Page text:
They have closets full of great clothes, shoes and bags, they travel when they please, but over bottles of pino, lament that they can’t find Mr. Right.

Each kind of woman wonders what life would be life if they chose the other two paths instead of the one they are on.

For me, I can poke holes in all three lifestyles. Maybe that kind of insight is helpful to me.

If there’s one thing I keep learning and relearning, is timing truly is everything.

Some would say I should panic because I’m turning 30 and there’s no man, no kids and I don’t own my own home.

I’ve learned that before I have those things, maybe there are more lessons for me to learn so that when I get them, I’ll be ready for them and it will be the best thing for me at that time.

Age is a number. Not a set deadline to accomplish some very important things that affect you and other people for a lifetime.

Maybe I’ll get married (I’d like to). Maybe I won’t. Maybe I’ll have children (Still not sure about that one), maybe I won’t.

So what’s important? I’m a writer. I’ve been working on a book for probably four years now. I’d like to see it complete.

I have a business I’d like to launch. I want to see it happen.

I wrote a short, one woman play, I’d love to see it produced on a small local stage.

I want to make more money. I want to feel great about work three out of five days a week, if possible.

I want to always have enough money for emergencies and to travel when I need to get away.

I don’t want to lose what is important to me in exchange for a family right now. I have a certain degree of selfishness still in me. I know my priorities are going to have to change when I do have a family, but I’d like to achieve some happy medium. I have a grand fear of losing myself, my creativity in exchange for long days at the office and coming home to a house of ungrateful people eating up my food and my paycheck in health benefits. I’m afraid of coming home to a man who doesn’t find me sexy anymore and won’t wash a dish when I’m about to lose my mind.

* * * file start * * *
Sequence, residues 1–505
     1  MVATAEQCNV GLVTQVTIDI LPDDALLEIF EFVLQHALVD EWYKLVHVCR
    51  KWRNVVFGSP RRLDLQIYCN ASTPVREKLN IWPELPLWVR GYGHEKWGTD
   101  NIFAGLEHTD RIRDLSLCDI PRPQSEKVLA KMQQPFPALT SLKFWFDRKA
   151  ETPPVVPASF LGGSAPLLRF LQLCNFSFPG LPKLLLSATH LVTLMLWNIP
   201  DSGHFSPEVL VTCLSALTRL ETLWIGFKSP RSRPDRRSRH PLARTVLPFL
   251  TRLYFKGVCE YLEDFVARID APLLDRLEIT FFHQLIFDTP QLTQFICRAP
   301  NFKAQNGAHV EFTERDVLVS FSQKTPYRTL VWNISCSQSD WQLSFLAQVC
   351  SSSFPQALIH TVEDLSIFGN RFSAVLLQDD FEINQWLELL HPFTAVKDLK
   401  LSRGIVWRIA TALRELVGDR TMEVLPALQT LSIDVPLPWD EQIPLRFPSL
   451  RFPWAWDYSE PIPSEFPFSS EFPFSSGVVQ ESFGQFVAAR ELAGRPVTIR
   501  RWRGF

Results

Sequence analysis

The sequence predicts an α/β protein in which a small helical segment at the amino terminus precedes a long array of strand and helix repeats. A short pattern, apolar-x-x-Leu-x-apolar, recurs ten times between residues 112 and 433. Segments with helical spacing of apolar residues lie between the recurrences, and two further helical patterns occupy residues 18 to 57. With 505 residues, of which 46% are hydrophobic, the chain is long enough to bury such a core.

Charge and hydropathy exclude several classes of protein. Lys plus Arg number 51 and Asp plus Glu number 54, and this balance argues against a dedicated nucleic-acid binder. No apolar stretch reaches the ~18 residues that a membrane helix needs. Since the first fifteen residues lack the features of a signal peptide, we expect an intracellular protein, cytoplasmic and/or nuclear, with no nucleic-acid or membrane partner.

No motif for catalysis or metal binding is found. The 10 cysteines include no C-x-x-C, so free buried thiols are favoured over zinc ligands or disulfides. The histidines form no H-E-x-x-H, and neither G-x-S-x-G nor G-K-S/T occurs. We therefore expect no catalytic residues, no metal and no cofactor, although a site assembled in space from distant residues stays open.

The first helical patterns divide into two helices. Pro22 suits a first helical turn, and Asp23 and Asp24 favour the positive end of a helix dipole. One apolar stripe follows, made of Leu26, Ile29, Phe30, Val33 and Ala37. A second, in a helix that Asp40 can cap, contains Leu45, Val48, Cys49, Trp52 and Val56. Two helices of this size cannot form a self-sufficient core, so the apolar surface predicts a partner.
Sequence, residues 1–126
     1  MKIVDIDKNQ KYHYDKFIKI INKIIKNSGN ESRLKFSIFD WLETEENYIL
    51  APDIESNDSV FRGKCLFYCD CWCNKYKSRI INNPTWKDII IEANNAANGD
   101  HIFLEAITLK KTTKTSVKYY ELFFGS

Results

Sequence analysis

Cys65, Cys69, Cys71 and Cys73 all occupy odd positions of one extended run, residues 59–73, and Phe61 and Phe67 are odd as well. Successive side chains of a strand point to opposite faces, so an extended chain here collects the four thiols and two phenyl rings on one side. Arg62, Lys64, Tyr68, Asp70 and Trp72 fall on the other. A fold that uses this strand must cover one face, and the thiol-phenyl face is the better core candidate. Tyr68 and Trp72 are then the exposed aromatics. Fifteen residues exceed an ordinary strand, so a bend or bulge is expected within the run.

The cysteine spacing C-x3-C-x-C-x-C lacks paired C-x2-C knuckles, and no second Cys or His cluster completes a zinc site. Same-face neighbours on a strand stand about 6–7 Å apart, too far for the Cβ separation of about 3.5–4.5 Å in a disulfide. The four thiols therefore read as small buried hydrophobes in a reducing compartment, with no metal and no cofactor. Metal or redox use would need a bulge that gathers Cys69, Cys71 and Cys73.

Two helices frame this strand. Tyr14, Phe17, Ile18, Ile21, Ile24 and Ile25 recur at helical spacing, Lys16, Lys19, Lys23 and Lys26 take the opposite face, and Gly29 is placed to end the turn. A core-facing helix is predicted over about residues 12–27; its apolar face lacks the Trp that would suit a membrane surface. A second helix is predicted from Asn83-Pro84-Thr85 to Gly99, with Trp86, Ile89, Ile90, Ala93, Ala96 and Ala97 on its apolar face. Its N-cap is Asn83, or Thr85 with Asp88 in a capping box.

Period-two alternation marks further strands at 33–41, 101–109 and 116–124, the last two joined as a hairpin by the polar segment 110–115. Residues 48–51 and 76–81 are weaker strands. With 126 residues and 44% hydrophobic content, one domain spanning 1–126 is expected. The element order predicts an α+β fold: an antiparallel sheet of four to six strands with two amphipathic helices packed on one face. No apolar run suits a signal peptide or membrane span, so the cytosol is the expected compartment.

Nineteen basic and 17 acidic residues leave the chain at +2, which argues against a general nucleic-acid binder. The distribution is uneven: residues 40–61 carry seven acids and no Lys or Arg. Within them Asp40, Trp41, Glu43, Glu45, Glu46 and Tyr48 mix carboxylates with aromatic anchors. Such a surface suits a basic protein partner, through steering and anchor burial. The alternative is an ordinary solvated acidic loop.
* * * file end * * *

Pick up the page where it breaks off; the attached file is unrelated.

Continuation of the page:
Having it all is unrealistic, but my fears are very real and maybe that is why I am currently single and childless. But I think that’s ok.

I’ve revamped and reworded my prayers in terms of wanting a husband and family.

“Lord, prepare me properly to be ready for a family someday. I want to be mature enough and selfless enough to do it right and feel satisfaction in my service to them. No regret, no resentment. Give me the wisdom to pick the right man qualified to assist me in this and who will nurture my heart and my spirit.”

You have to grow and evolve into certain phases of life and everyone grows at different rates. Some folks are ready in their 20s, or have to be forced to be ready for their own good at early ages. I prefer not being forced to find out, and I’m thankful I haven’t been.

Nina Simone has a funny take on marriage and references some of my fears… Love this song.